Medicare and the final stage of Partner Visa processing
As readers know from our previous experience, Medicare and the sub-class 309 Partner Visa are strange bedfellows. The 309 visa holder and dependents are all entitled to full Medicare enrolment and benefits. They are also entitled to normal private insurance (by that I mean they don’t need health insurance for student or other visa holders). Yet they are treated as overseas students for post-secondary education.
The Medicare card issued initially was for one year, expiring today, June 2: the day before the anniversary of my family’s initial arrival. A couple of months ago I asked Medicare exactly what we had to do to extend the Medicare enrolment beyond June 2 as the permanent (sub-class 100) visa would not be decided by then.
“Oh, just come in with your husband and the passports and we extend it.”
I was pleased, as the first time around we went in, then had to go back and get Miss O 1: being over 16 she had been required to present her own passport! I didn’t want any surprises this time around.
No mention of completing forms! The letter from DIAC inviting us to submit the final documentation for the permanent visa stated the letter could be taken to Medicare “as evidence of an ongoing application for a permanent visa”.
“That’s good”, I thought to myself, pleased I now had something official to take to Medicare.
Our closest shopping centre has a Medicare office open on a Saturday morning. I really wanted to get it done today as the boys play soccer on Sundays: I didn’t want to have an injury on the field and not have a Medicare number!
Did I say “has”? We got there to discover Medicare and Centrelink have combined their offices and are no longer open on a Saturday morning. DAMN! Consulted the Medicare web site to seek another reasonably close office open on a Saturday. There was one 5 kms away! Yay! The site also said THIS one I was standing in front of was open on Saturday mornings though: clearly it wasn’t! So off we headed in the direction of the second office, hoping there had not been a similar departmental consolidation at the second office. We were in luck! That office was open.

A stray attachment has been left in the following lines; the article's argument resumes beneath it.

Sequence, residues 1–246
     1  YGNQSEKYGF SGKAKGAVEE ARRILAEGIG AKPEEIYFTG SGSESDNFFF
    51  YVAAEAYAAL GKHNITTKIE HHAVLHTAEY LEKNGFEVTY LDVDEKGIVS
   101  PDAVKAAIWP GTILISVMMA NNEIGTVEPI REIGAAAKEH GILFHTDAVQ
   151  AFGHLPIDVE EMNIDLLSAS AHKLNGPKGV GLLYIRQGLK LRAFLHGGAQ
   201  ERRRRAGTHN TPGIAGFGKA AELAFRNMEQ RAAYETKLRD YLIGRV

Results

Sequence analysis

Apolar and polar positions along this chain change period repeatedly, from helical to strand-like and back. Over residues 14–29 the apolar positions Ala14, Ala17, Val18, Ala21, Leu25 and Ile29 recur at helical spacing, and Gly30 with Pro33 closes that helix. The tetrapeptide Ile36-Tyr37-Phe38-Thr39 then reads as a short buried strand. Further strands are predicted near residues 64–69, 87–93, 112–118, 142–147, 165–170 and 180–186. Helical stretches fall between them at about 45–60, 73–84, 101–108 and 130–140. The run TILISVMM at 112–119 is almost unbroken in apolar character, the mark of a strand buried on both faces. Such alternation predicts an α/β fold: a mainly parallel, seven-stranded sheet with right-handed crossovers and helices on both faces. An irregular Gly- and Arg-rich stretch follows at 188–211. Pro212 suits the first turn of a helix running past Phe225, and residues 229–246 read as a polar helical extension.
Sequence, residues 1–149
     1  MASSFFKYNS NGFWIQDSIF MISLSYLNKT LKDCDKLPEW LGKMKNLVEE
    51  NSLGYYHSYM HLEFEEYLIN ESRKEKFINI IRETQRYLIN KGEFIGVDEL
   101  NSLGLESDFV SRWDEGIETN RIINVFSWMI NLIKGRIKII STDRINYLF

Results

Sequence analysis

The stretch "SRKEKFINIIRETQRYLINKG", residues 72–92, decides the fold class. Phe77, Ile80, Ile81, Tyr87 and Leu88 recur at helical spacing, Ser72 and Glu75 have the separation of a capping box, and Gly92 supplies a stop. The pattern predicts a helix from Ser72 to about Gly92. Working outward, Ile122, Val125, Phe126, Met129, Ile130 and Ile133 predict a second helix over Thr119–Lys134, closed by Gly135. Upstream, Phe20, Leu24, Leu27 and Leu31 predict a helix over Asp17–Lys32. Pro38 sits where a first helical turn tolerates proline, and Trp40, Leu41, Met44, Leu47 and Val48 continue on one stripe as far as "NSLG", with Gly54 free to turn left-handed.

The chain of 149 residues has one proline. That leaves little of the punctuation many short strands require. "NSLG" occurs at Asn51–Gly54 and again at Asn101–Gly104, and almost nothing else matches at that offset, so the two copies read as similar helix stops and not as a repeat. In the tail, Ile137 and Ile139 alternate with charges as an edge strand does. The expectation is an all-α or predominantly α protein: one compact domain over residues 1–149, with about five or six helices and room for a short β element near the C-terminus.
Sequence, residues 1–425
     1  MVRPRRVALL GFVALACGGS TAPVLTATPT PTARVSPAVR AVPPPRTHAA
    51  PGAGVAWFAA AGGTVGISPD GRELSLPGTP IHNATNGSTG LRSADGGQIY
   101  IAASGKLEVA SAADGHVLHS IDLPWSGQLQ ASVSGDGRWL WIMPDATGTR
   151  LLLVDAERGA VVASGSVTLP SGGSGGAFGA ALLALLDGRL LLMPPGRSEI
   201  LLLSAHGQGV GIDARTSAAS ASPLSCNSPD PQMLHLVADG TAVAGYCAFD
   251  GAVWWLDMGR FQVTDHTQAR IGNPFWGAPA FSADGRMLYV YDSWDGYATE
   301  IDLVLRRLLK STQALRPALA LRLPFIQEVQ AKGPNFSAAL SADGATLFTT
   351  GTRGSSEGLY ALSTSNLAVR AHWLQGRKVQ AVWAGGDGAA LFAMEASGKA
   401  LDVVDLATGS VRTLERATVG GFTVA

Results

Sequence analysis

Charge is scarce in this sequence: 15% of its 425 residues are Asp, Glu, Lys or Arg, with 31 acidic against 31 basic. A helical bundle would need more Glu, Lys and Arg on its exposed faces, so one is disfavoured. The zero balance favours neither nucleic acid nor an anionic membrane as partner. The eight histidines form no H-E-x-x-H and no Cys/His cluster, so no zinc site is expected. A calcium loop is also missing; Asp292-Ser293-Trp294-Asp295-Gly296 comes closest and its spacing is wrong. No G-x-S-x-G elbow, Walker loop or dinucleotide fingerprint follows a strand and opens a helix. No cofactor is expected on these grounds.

I handed over the DIAC letter and the passports and was told I had to complete another enrolment form. I queried, of course, but there was no way out of it. I filled in the details for all five people yet again! Interestingly, I had lost my own Medicare card and applied for a new one: I did not have to complete an enrolment form.
As I got to the bottom of the form, it required anyone over 14 who wanted their benefits paid into the nominated bank account to sign the form. “Oh no!’ I thought, wondering did we have to go back and get the two older kids.
Luckily she said not to worry as the bank account details were already on file. In that case, so was the rest of the information so WHY on earth did we have to re-enrol? Some aspects of bureaucracy I will never understand.
We left home at 10 am and got back at 12:30 pm.
At least if the boys have a sports injury tomorrow, we can go to the hospital!
Yes, when the sub-class 100 visa is finalised, we have to enrol all five AGAIN!